(ChemotherapyAdvisor) –The urine-based biomarkers PCA3 and T2-ERG appear to signal aggressive disease in men with prostate cancer and may have future clinical utility in selecting those with low volume or low-grade disease for active surveillance, according to results of a study reported during the 2012 Genitourinary Cancers Symposium.

Increasingly, active surveillance is an alternative for managing low-risk prostate cancer; however, biomarkers are needed to distinguish men with indolent vs. aggressive disease. In a study coordinated by the Fred Hutchinson Cancer Research Center, Seattle, WA, Daniel W. Lin, MD, of the University of Washington and colleagues examined the correlation of the biomarkers PCA3 and TMRPSS2-ERG (T2-ERG) with higher volume or grade prostate cancer in an active surveillance cohort.

PCA3 is noncoding RNA found at high levels in prostate cancer relative to benign prostate cells; TMPRSS2-ERG represents the fusion of TMPRSS2, a gene regulated by androgens, with the oncogene ERG. These genetic rearrangements are found in about half of all prostate cancers and are believed to play a role in prostate cancer development, the investigators noted.

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Urine was prospectively collected from 401 men following digital rectal examination as part of the multi-institutional Canary/EDRN Prostate Active Surveillance Study and PCA3 and T2-ERG levels were analyzed. Biomarker scores were correlated to clinical and pathologic variables, including tumor volume and Gleason score, and both PCA3 and T2-ERG scores were significantly associated with higher volume disease and the presence of higher grade disease.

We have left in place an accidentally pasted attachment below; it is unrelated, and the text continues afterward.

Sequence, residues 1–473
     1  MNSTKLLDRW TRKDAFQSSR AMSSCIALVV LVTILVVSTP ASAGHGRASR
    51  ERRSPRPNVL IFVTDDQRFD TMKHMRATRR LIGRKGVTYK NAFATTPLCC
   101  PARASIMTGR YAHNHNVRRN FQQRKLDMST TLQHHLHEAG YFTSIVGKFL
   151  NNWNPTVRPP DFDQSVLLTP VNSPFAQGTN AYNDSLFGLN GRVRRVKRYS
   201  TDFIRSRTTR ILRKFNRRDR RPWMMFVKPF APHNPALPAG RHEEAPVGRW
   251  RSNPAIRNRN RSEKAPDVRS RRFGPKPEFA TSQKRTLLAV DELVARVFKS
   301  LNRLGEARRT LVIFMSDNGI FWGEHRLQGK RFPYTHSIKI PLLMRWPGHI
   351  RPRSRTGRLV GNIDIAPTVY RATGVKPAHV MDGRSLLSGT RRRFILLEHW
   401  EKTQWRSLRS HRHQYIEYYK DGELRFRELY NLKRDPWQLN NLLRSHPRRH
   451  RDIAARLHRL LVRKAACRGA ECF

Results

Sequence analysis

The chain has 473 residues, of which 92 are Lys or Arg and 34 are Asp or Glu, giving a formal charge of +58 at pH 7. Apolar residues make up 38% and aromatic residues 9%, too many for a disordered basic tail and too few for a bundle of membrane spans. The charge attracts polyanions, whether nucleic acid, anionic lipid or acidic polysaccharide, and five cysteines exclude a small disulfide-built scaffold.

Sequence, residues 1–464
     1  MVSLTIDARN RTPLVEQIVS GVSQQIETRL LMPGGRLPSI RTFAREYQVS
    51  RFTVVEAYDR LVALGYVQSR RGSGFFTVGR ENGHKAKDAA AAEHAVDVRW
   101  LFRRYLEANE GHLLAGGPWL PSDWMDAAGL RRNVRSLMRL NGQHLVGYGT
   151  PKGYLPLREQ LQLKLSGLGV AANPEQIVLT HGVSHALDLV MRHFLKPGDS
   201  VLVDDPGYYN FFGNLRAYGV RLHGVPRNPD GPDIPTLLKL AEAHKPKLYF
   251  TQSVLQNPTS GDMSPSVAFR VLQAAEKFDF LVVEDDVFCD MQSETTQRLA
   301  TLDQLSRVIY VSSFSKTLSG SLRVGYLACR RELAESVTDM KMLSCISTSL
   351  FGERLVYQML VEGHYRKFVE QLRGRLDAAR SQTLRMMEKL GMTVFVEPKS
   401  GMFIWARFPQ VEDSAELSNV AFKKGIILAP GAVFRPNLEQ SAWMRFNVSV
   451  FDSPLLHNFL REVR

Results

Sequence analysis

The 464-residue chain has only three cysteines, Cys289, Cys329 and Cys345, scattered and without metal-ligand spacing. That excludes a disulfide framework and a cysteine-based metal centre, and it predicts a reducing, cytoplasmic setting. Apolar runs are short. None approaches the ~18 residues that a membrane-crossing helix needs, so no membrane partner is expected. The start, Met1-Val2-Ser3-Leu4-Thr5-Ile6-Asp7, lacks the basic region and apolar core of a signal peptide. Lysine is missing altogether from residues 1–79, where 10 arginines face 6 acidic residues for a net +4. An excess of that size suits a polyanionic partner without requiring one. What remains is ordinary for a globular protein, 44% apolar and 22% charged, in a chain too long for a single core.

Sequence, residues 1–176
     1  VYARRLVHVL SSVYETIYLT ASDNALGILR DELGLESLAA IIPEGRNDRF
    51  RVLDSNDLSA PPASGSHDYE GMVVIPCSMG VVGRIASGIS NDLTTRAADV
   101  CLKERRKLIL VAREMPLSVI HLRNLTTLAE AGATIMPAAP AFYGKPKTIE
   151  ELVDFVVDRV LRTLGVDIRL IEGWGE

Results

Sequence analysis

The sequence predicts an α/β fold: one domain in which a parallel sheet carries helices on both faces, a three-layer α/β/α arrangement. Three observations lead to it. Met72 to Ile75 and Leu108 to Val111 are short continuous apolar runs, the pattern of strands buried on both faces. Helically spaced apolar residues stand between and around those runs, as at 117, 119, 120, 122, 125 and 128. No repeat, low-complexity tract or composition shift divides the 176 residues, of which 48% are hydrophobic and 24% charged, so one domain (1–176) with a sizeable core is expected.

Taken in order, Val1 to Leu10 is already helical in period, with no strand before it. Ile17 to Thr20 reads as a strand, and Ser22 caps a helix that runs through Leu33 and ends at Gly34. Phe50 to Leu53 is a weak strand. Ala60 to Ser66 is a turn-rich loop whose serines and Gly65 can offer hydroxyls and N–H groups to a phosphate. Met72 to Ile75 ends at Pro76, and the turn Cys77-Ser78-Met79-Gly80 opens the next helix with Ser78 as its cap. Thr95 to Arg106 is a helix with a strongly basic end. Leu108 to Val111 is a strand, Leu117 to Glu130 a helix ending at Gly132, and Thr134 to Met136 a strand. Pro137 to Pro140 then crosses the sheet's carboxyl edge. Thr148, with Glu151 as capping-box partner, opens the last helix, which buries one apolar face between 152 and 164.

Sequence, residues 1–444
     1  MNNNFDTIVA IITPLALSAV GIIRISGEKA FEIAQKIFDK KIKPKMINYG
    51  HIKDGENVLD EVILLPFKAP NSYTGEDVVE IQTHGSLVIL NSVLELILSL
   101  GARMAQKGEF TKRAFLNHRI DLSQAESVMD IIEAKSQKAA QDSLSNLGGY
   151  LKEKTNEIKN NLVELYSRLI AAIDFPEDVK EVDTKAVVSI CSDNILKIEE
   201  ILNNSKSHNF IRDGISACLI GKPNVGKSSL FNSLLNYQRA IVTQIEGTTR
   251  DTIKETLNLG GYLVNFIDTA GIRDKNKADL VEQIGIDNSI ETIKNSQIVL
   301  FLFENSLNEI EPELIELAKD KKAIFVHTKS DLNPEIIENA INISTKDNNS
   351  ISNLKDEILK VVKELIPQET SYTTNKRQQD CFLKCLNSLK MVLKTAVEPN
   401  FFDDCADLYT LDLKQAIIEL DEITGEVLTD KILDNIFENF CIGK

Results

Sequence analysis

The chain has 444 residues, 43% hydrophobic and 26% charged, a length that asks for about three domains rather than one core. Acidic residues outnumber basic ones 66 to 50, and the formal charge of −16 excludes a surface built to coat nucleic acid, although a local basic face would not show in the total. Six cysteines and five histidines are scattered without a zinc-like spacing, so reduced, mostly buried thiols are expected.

“The ultimate goal is that men on active surveillance could use a test based on these biomarkers or others to complement biopsy and PSA data to indicate or rule out the presence of an undetected aggressive cancer or future development of aggressive cancer,” said Dr. Lin, who cautioned these initial promising results need to be confirmed in a larger study that would evaluate changes in these urine biomarkers over time, along with correlation to disease progression during active surveillance. Planned study enrollment is 1,000 men with a 5-year follow-up.

Neither PCA3 nor TMPRSS2-ERG are FDA-approved for prostate cancer detection and use in active surveillance is investigational.

The 2012 Genitourinary Cancers Symposium is sponsored by the American Society of Clinical Oncology, American Society for Radiation Oncology, and the Society of Urologic Oncology.